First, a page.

Hamilton Comes A-Calling To Highlight What It Has To Offer
Hamilton dropped into Toronto last week with a message of cooperation, future investment and fun.
“We wanted something to get people’s attention, something a little different,” Hamilton Economic Development Director Glen Norton said on the opening day of The Hamilton Consulate, a two-day promotional pop-up at the Burroughes building on Queen Street West.
The Hamilton Consulate included a series of seminars, music, food, and even a fashion show, all aimed at showcasing the changing city to the west.
“It’s a diplomatic exchange,” Norton said. “Its aims are to increase awareness, collaboration and future investment.”
What it was not was an attempt to take jobs and business from Toronto, he said.
“We’re not trying to steal business from Toronto, but augment it. It doesn’t have to be either Toronto or Hamilton. We’re not isolated islands. We’re one region. We want to work with Toronto while educating people on the changes going on in Hamilton,” Norton said.
Recent changes have made Hamilton an attractive destination for Toronto residents and Canadian business. In the past 10 years, the so-called Steeltown has reinvented itself for the current times.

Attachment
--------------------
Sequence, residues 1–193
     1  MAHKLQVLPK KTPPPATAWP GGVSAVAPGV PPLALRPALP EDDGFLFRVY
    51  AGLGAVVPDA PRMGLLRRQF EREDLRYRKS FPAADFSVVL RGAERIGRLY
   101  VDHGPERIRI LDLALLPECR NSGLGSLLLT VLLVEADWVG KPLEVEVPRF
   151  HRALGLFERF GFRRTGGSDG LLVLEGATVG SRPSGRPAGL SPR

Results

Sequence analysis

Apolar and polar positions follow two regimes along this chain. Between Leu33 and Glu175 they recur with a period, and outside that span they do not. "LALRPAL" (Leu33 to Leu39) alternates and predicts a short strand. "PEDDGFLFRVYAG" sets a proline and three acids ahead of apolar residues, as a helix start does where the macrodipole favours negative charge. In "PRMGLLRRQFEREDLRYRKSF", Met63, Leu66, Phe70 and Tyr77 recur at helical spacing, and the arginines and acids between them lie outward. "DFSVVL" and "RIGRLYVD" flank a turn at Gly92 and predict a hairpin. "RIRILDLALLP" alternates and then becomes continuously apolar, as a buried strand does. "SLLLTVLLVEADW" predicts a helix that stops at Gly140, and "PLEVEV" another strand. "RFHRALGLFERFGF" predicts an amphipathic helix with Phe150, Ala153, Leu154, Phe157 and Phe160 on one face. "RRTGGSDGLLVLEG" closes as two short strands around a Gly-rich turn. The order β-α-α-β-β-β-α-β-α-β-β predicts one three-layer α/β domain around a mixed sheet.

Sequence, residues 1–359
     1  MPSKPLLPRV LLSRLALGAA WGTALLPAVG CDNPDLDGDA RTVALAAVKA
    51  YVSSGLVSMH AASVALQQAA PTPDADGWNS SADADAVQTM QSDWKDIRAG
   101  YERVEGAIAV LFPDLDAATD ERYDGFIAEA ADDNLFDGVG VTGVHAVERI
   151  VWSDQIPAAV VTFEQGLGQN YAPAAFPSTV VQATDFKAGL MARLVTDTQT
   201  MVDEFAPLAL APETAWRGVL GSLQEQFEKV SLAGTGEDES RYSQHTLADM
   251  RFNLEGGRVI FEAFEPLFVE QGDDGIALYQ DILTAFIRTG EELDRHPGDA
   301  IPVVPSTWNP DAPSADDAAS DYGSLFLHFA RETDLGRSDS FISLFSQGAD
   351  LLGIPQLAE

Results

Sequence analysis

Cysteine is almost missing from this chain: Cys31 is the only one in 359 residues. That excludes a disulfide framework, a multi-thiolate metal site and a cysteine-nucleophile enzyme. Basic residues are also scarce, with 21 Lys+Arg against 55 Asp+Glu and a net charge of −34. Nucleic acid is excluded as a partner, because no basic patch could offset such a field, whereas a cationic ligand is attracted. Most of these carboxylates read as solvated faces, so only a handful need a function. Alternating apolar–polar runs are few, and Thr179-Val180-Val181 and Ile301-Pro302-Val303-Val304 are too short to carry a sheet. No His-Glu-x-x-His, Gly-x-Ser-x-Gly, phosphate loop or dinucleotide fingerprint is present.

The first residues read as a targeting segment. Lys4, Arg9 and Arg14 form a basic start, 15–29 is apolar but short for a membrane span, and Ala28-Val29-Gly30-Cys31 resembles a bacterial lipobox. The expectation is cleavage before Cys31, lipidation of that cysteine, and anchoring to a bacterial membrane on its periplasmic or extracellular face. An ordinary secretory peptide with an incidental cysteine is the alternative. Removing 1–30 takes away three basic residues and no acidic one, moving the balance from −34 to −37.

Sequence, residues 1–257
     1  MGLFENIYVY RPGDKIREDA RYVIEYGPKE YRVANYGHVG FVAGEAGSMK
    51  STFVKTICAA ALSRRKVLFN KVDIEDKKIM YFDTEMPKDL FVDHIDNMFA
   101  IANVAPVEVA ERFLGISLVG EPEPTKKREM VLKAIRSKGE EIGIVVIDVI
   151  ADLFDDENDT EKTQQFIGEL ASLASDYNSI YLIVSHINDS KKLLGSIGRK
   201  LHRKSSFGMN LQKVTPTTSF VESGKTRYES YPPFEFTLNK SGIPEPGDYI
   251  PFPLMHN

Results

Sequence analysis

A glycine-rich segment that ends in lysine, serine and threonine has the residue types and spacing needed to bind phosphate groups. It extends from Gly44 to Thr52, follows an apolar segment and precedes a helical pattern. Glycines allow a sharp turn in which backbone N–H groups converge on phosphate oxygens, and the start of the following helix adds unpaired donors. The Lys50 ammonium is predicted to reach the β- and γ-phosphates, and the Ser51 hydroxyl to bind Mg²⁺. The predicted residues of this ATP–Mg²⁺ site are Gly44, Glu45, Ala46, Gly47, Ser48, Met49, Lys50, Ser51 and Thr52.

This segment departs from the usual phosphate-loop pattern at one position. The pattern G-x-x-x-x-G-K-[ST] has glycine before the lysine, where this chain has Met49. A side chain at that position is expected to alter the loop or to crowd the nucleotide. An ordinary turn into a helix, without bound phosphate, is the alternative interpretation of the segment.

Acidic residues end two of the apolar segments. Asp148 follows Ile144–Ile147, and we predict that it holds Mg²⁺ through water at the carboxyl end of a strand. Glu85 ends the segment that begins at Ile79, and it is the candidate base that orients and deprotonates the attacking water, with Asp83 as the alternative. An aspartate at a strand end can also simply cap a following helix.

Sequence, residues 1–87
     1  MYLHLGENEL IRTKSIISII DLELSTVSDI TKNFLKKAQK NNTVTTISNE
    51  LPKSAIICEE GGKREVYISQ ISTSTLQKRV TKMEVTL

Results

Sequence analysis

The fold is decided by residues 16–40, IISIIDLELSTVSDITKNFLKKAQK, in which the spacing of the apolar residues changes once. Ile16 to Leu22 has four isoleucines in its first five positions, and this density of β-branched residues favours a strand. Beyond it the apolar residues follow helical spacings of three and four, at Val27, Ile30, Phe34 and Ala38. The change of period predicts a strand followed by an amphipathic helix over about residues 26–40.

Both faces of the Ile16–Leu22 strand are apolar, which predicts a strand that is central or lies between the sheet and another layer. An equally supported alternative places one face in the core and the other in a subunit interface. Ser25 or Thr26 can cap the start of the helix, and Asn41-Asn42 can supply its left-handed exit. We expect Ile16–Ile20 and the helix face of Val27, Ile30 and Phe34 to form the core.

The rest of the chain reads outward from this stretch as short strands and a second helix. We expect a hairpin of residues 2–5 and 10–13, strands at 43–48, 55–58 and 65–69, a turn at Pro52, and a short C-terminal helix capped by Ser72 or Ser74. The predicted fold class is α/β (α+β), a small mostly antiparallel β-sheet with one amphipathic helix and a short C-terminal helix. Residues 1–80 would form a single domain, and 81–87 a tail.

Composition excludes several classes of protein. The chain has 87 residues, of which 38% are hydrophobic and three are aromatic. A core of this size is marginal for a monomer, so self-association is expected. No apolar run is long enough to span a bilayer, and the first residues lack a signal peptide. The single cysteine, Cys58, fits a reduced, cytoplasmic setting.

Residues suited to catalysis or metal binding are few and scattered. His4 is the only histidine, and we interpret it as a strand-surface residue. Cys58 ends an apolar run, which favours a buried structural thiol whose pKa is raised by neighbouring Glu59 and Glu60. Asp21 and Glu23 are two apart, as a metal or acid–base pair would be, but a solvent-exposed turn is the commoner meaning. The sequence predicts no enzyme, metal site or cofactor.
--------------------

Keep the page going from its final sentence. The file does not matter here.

Hamilton still makes steel, but also has a thriving biomedical and tech sector, and a fashion and film industry. And much like Toronto, its commercial and residential real estate has taken off in recent years.
A home in Hamilton averages around $550K, far cheaper than the $900K-plus home price tag in Toronto. Hamilton also sports a 12% downtown office vacancy rate, which could provide some space to grow for companies limited by Toronto's tight market.
As for industrial land in Hamilton, it can go for one-third of what it costs in the GTA.
Commercial and residential real estate sales in Hamilton in 2016 were a record $8.3B, a 13% jump from the previous year.
In many ways, Hamilton is well-suited for this renaissance. The downtown’s mix of old and new buildings has found a fan in millennials, who now make up 28% of the Hamilton population. A splashy new city promo video unveiled at the consulate targeted that very demographic.
“For the first time, millennials outnumber the baby boomers in Hamilton,” Norton said.
Of course, too much success too fast can lead to its own problems. At a seminar dubbed ‘From The Ground Up,’ Hamilton business development manager Norm Schleehahn said he had mixed feelings about Hamilton’s current low industrial vacancy rate of 1.9%.
“I feel pride. But then again it gives me a sense of fear. Buildings go on the market and they go just like that. But then I think it’s an opportunity — a huge opportunity for speculative building in Hamilton.”
Among the prime real estate areas showcased at the consulate were Hamilton’s waterfront, along the as-yet-to-be-built $1B, 14-kilometre LRT line that will cut through the downtown core, and 1,300 acres of unserviced, newly designated industrial land near the airport.
“That’s the future growth for the city,” Schleehahn said. “It’s former agricultural land and it’s quite rural. But it’s quite an opportunity right now and there’s definitely interest. All it takes is someone to be the first to stick their toe in the water.”